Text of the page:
The Power of Words

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Dr. Masaru Emoto has experimented on water for more than a decade. He seems to have proven that water can sense, perhaps even comprehend, “see,” and “listen.” It seems, at least on the surface that water can “understand” our minds. He has demonstrated that water can somehow respond to writing, language, music, and even peoples’ minds.

If someone feels love and writes the word “Love” in different languages and stick the paper on a bottle of water for water to “see” it. The water is later frozen and when looking at the frozen water under a microscope beautiful water crystals begin to appear. On the other hand, if the write the word “Hate” in any language, the water crystals seemingly become distorted and ugly, at least to some people. Water also seems to listen to, understand and respond to music. When classical music is played the water crystals are said to become beautiful. When words like, “I hate you” or “I don’t like you” are said to the water, the crystals become what is usually described as ugly. To many this seems to prove that water is a “living organism.”

Ever since ancient times words have been thought to have powerful magical attributes; for example, “primitive man” — if there ever was such an being — believed that words could exert magical power. In the world of religion this belief still persists. Prayer, chanting and mantras are all somewhat magical by design. In the New Testament there is even a magical formula: ask in the name of Jesus, and if it be the will of his god, the prayer must be answered — Amen. That part about it being the will of the god is an interesting disclaimer. The god seems to have whims, agendas and an ego.

Things that can be named lose their secret and sacred power over man. This is why both the Abrahamic devil and god have no names but only titles — to know their names and to call out the names is to have power over them. To know the name of a force, a being or an object, was often seen as being identical with power over it. That ancient belief in the magical authority and potency of names appears in many fairy tales and myths. The power of a demon is often broken just by confronting him, courageously of course, and pronouncing his name. The belief is reflected in the Buddhist tradition of the Dharma name. The name means something, it is empowering as an aspiration to ascend to a particular quality.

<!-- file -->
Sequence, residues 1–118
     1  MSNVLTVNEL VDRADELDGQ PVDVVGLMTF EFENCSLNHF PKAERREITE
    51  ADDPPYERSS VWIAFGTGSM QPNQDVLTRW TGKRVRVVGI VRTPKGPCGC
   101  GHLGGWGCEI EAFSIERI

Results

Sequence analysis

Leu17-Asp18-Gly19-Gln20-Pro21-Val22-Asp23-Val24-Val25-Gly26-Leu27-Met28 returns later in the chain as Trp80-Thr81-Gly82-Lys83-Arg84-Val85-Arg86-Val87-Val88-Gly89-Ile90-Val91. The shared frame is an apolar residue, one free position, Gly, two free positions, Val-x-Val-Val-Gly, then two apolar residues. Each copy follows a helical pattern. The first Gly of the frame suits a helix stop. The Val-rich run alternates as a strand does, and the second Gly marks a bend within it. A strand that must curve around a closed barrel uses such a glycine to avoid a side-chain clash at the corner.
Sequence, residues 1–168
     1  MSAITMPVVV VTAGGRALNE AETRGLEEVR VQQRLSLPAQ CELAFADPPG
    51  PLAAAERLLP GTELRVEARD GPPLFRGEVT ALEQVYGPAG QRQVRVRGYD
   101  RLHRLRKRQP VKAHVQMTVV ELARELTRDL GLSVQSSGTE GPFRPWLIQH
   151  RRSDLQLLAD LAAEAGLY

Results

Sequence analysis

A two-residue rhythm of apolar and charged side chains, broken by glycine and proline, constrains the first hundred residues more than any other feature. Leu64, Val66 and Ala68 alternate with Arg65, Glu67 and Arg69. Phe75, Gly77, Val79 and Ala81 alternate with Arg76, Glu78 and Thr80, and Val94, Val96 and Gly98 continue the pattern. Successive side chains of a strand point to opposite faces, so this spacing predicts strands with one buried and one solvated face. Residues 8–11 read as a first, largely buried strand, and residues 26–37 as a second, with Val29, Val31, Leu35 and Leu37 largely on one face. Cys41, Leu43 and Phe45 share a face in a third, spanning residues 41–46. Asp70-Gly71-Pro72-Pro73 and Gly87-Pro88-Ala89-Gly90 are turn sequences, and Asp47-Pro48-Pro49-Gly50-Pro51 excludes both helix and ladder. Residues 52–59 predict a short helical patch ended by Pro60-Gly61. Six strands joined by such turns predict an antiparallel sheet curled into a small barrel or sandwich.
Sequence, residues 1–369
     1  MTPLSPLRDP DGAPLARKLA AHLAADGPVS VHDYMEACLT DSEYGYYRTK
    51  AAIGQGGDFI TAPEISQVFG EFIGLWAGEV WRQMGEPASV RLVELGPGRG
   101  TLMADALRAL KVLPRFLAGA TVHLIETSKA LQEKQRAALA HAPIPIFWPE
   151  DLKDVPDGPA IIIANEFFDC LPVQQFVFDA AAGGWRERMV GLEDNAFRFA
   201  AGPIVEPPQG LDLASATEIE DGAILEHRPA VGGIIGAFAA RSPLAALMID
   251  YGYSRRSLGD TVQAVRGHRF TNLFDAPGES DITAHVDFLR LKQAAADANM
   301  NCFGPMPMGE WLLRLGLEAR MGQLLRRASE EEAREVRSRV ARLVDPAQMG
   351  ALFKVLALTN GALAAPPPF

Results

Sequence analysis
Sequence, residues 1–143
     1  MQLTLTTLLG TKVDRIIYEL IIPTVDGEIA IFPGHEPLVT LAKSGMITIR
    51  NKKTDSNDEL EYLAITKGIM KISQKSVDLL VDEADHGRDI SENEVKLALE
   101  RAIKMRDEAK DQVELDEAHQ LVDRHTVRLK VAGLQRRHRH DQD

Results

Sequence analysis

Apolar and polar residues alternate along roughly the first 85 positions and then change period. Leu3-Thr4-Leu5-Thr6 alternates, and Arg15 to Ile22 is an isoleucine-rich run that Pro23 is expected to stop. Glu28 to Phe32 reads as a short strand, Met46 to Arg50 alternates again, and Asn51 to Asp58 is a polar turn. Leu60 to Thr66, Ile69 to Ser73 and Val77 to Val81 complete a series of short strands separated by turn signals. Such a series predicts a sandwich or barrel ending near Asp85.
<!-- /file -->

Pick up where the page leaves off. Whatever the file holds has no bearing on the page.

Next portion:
There is a modicum of truth in the idea of “word-magic” held by primitive man. In the practice of “bare attention” we find the power of naming confirmed. The “shadow demons” of the mind can hardly bear the simple & illuminating identification of them simply by naming them. The naming of them often diminishes their strength.

Just as words are “magic” in our meditative practice, they are magic in other arenas of our lives as well. The words we use in daily life, whether spoken or unspoken, can affect many around us, in wonderful ways or in painful ones. To say, “I love you” when the circumstances call for it can be a “life saving” experience for the hearer. There is magic in words but also in silence. To leave things unsaid when they need to be said can be devastating. Things left unsaid are just as important as the words that are said. Listening, really listening, in silence is often as healing as medicine and ultimately one of the most compassionate things a person can do. A moment of silence can be more benefit than an hour of meaningless verbiage. Saying a kind word when it is not expected can also be healing. How we speak to ourselves can help us or harm us.

The Avatamsaka Sutra clearly elaborates on the idea that the whole universe is an organic entity. Flowers, grass, trees, mountains, rivers, earth, and all natural phenomena in the universe are all organic in nature. The Sutra indicates that all existing “things” are organisms with the ability to see, listen, and understand peoples’ minds. All physical phenomena  are capable of seeing, hearing, cognition, and knowing. They all have reception, conception, action, and consciousness. When we have a thought in our mind, the universe knows it clearly and naturally responds to what we think, say to themselves and don’t say to themselves.

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About Sensei Mui

Sensei Mui is a Buddhist monk who took formal refuge and bhikkhu ordination as a Theravada monk in Thailand during the early 1970s. Since those days he has both studied and was ordained in multiple Mahayana lineages. Today the main focus of his practice and teaching is from the Pure Land perspective. He currently acts as the Director and Administrator for Hongaku Jodo, an educational and practice oriented organization of Buddhist teachers of Dharma, pure and simple.
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